A very late post this week, and I’m afraid there isn’t much to say. I haven’t gotten any writing at all done for a solid week, but the the conference is finally done with (you can see the fruits of my downtime during the final days at the right). Spring has arrived, and will hopefully bring with it a change of energies. I am hoping to get some time to think and plan during the course of this week.
Did I mention that Captain Marvel is fantastic? You should go see it at least twice; I liked it even better the second time.
I got the first set of beta comments on Fairy Hills earlier this week. Being a mature and experienced writer, I scanned them, nodded, wrote an appreciative note to my reader, and then went in the bathroom and cried. When I was younger, I would have done it the other way around, see.
The comments are perceptive, and do an excellent job of pointing out every place where that book is a mess. This is a perfectly normal and necessary part of the writing process. At the same time, being told by someone whose opinions you respect that your best bet is the equivalent of gutting this project down to the studs is disheartening, and the perfectly normal reaction is to plunge into gloom and vow to never touch a keyboard again, perhaps go live off-grid in Wyoming and raise alpacas.
There are a number of hard things about writing. One of them is navigating the line between writing for your own enjoyment, and writing with an eye toward other people reading it someday, and maybe even giving you money. If you write purely toward the second goal, you’ll be miserable (Samuel Johnson’s famous snark aside), not to mention that there are far more efficient ways to make money doing things you don’t enjoy. If you write purely toward the first goal, though, you won’t have any readers.
A further wrinkle comes from the fact that it takes so goddamn long to write a book at all. At least in the early phases of a project, you have little choice but to write for your own enjoyment, because no one else is going to read it for a long while, let alone pay you. But at some point you will have to navigate the hilly transition between “I wrote this for me, and it’s perfect,” and “I want to give this to someone else, and it could use some work.”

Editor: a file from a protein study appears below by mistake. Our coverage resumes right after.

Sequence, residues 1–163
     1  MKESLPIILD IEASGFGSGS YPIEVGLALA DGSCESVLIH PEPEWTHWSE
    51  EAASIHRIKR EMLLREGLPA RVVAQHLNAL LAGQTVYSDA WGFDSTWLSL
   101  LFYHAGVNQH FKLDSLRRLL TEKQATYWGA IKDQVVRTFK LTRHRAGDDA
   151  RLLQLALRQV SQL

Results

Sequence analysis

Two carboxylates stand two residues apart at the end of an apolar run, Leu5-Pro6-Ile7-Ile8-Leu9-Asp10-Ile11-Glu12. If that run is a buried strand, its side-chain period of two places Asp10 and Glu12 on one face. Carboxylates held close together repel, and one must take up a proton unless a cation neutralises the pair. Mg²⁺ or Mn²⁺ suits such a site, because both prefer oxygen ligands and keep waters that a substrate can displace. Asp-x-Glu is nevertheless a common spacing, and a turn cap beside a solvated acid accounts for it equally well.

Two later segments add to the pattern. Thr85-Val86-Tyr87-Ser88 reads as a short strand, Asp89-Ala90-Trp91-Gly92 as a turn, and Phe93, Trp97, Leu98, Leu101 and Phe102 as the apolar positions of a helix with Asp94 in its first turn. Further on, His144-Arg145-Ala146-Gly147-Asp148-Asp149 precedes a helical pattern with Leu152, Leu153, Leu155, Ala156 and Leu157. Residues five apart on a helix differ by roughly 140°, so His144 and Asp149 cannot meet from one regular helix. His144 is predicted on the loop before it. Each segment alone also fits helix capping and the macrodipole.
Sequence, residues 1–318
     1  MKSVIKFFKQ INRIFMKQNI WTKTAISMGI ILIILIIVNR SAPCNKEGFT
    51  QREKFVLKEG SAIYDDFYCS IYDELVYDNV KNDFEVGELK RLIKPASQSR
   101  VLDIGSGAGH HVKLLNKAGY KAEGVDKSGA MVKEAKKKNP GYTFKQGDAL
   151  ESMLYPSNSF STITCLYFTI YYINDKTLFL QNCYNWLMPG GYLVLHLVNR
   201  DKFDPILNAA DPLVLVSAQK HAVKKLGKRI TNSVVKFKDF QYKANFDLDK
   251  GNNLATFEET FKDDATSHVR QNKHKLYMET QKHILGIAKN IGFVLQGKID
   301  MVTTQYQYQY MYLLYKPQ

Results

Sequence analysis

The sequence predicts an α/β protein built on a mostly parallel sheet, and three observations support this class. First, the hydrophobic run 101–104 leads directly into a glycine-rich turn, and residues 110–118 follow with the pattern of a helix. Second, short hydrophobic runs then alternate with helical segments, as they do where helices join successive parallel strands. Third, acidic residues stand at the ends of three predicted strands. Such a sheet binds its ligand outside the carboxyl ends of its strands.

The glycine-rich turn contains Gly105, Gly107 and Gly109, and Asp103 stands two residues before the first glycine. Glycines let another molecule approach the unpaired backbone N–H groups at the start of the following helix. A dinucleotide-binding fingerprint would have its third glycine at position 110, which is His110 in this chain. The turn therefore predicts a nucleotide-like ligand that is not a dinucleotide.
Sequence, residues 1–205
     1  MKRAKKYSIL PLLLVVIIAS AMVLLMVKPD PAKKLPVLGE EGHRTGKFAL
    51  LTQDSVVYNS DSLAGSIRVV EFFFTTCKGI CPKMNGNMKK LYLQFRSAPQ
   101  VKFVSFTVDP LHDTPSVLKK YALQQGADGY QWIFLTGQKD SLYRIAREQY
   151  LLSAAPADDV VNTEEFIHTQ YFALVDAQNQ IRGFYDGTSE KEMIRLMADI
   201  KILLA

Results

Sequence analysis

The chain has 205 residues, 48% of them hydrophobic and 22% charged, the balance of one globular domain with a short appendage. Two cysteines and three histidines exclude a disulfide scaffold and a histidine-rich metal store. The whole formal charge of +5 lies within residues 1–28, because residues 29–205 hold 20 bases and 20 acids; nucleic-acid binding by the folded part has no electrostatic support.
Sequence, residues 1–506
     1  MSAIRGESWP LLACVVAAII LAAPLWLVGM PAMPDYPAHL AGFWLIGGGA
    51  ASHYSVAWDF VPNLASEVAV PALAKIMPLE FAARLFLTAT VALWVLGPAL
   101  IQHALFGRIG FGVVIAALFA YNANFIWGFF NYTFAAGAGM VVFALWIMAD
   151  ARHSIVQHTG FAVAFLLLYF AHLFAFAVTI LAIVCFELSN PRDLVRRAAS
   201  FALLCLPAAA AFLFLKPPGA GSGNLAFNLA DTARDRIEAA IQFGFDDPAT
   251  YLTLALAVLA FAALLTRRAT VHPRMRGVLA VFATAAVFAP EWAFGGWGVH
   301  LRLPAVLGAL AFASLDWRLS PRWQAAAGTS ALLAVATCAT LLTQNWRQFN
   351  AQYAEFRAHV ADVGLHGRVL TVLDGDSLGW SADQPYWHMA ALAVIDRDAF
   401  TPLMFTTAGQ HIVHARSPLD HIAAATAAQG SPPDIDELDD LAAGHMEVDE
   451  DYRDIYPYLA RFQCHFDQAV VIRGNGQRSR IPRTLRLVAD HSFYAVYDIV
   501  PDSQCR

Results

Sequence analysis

You don’t have to do that, of course. You can keep it for yourself and love it just the way it is. Only you know if the rewards of getting over those hills are worth your effort (since you are not actually guaranteed any tangible rewards at all, I find it’s best to stay focused on the Accomplished a Difficult Thing merit badge).
Now what? A new draft of Fairy Hills is going to be a major undertaking; the issues are not “fix this scene” or “fix this bit of dialog,” but “fix this character” and “fix this plot arc.” Meanwhile, I’m 35k words into a new book, don’t particularly want to stop, and dropping it would run counter to my “finish stuff for godssakes” goal. (Which means navigating back into “writing for myself” territory for a while! This business can get confusing.) If I can keep up the current pace, I’ll finish this draft some time in May. By then I will have a plan for Hills. I can spend the summer on that; after eight years, a few more months of work won’t kill me.
The nice thing about writing as opposed to, say, masonry, is that any problem you created with words can be fixed with different words.
So… back to work, I guess.
* Photo is mine, from the 2018 Sandwich Fair. I believe this beauty is named Tupelo Honey.
The other day I was walking between buildings at my day job, still musing on the ideas of spaciousness and making room for the things we want to grow, and the image of a weed-choked garden sprang to mind.